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Review: Cloverdale

Cloverdale is the fifth episode in Season Two of Stargate Universe.

If I was tempted to strangle the life out of the show after "Pathogen", this week I want to reach into my TV and hug it to pieces. Finally, finally, finally, here is an episode that has its own plot front and centre, and yet continues the wider arc-building. Not only that but it actually has balance (I could cry happy tears) with one thread containing action and tension, and the other containing an intriguing character study. Wonderfully written, wonderfully acted and beautifully directed. I loved it.

Let me start my lyrical waxing over the plot. Firstly, yay for a cohesive episode story! It’s not that the other episodes have lacked plot exactly but rather in the mix of arc-building plus an episode plot, the latter has felt like it’s been the backing singer not the main attraction. Here the roles are switched, with arc-building relegated to slinky dance moves in the background and the episode story getting its chance to sing in the spotlight. I much prefer this combination to the other.

And I loved the whole thing. For one thing, the whole homage to 1950s B-movies is brilliant; from the idealized American small town of Cloverdale to the actual reality of the plant monsters. I loved how the reality was incorporated into an actual horror movie in Scott’s vision -- the MGM lion was a nice touch -- with the reveal of what happened and the perfect movie square-jawed hero and pretty girl. This is clever writing for me.

I also love how the shift between Scott’s unconscious and the real events were signaled with Scott’s collapses in his vision; the startling difference in color washes and lighting between the reality and the vision; the way some of the vision is told through Eli’s video-graphy. Moreover, I loved the balance between the two elements of the psychological and character study in the vision against the tension, drama and action of the race to save his life on the planet.

The action element in Scott’s reality is well-judged; there’s movement, pace and Greer kicking ass (Jamil Walker Smith just eats up the scenery). I loved the return of the flame-throwers and the monsters chasing after the planet-side team. The chase builds great tension, not only to get away from the monsters, but also in the race to find a cure for Scott’s alien infection before the ship goes to FTL or they lose him completely. The last minute save of Chloe’s alien blood was not surprising but it was a good denouement. It was also good how the team’s roles with Scott in reality reflect their roles in Scott’s vision.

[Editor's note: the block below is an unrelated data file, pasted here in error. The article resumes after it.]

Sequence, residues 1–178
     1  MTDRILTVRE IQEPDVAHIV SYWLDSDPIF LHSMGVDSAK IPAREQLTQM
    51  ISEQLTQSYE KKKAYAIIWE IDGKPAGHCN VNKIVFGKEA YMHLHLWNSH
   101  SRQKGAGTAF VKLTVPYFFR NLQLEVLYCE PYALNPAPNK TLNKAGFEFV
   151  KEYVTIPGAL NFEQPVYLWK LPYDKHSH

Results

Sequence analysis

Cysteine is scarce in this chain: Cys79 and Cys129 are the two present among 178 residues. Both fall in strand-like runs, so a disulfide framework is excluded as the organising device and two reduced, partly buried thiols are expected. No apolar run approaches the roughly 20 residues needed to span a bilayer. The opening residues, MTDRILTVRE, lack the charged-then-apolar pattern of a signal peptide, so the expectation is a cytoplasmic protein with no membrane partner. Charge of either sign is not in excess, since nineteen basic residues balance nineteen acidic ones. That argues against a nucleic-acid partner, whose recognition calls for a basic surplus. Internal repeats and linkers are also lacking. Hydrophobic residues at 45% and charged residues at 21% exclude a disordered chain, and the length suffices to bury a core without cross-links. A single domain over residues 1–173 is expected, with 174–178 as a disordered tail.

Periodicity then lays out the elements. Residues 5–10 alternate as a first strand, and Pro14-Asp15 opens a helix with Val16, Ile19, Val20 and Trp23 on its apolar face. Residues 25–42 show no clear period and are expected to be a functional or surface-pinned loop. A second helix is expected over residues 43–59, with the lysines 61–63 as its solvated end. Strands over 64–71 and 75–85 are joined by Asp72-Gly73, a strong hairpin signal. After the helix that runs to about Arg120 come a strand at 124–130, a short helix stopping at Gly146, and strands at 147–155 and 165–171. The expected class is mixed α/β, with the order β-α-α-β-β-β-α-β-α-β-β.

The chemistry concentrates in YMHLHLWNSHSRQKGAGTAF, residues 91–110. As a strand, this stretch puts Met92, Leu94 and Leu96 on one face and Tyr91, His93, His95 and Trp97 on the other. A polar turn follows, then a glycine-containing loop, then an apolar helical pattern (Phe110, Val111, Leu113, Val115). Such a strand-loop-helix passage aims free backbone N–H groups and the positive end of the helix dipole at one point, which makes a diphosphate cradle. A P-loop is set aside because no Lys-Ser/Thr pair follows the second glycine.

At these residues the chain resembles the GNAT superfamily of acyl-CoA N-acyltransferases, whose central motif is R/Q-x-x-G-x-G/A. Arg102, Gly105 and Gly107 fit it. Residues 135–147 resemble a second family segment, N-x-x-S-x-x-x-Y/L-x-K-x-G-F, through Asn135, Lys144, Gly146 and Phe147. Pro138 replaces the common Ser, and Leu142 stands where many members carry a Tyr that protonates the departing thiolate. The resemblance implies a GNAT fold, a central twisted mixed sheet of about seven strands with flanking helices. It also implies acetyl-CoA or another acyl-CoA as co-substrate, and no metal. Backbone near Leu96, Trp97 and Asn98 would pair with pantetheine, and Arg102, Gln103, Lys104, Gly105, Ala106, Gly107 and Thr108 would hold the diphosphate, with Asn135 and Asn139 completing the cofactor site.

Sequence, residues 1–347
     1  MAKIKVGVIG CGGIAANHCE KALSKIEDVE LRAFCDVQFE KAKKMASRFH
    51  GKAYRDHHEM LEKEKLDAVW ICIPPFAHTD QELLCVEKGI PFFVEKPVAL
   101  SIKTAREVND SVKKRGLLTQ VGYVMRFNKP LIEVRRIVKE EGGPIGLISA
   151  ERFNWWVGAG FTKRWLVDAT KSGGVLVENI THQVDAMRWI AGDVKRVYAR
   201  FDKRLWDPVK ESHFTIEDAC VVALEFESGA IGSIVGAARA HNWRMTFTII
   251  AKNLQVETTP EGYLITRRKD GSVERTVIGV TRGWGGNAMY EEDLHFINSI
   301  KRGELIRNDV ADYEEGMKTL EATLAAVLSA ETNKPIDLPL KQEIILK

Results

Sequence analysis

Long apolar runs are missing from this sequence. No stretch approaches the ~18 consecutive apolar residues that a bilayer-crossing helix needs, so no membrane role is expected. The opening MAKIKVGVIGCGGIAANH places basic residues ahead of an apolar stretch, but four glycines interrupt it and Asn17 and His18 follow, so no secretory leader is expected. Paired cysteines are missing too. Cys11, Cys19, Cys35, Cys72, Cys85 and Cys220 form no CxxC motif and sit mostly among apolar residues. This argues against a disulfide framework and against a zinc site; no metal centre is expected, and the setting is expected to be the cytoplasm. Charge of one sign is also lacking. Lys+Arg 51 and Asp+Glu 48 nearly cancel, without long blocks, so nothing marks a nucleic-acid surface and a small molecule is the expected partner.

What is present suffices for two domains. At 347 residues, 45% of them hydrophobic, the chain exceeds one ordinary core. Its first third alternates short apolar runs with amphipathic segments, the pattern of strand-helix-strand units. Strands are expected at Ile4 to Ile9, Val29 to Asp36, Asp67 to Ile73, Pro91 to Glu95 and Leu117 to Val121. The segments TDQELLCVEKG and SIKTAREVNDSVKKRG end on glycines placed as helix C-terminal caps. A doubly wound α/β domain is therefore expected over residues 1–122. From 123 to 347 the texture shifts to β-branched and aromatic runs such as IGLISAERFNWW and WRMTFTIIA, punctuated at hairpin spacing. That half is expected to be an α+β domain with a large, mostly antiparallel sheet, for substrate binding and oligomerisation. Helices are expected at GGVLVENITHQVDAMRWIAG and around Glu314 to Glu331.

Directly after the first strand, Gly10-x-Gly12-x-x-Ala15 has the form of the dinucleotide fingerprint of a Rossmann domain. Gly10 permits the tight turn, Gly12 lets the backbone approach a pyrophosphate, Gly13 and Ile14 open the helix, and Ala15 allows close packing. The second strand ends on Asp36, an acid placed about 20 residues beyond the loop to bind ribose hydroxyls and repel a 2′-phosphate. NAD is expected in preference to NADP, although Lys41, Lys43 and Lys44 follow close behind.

The vision part is fascinating. Too often during these types of episodes, (SG-1’s “The Changeling” and SGA’s “Phantoms” come to mind), enough isn’t made of the vision element which opens a window into how a character may feel about himself and the people around him. Here, the vision is so stuffed full of revelations about how Scott thinks of himself and others on Destiny that there are things that are occurring to me some hours after watching the episode. And that’s a very good thing. The story is a great exploration of Scott.

Kudos has to go to Brian J Smith for how well he acts throughout the episode. Given the amount of undeserved hassle he got from fans last season for all the bedroom antics and the infamous storage closet scene, Smith here seems to revel in showing the audience who Scott really is. I loved the moment between him and James in his unconscious; the knowledge that he’s attracted to her but won’t act on it; that he knows he’s not fair in his behavior toward her, and how he wants to erase that moment is very telling. He does a great job at conveying Scott’s increasing confusion and befuddlement in his vision, the knowledge that something isn’t right mixing with his subconscious concerns about his relationship with Chloe.

Indeed this episode is a feast of shippiness for the shippers out there. Kudos also goes to Elyse Levesque for her performance particularly in how Chloe realizes that she may be immune to the alien life form. In fact, I think kudos to the whole cast. Louis Ferriera makes the most of being let out of the Young military straitjacket as he assumes the role of Scott’s Dad in the vision; there’s a great cameo by Lou Diamond Phillips as Telford the Sheriff; David Blue acts his socks off in conveying Eli’s feeling of betrayal and pain at Chloe’s actions. Everyone delivers.

So good was this episode in fact that I don’t really have any gripes about it. If there is one minor one it’s that having ended the last episode with some kind of secret agreement established between Rush and Chloe over her continuing alien body changes, nothing is really made of that, and this episode pretty much wipes out that conspiracy and subterfuge before it ever goes anywhere. It leaves me scratching my head over what was the point really. But in terms of my enjoyment of the episode, this is a very, very minor grievance.

All in all, this episode is fabulous example of how great Universe can be when it gets it right. Again: I loved it.

Previously published at GeekSpeak Magazine.

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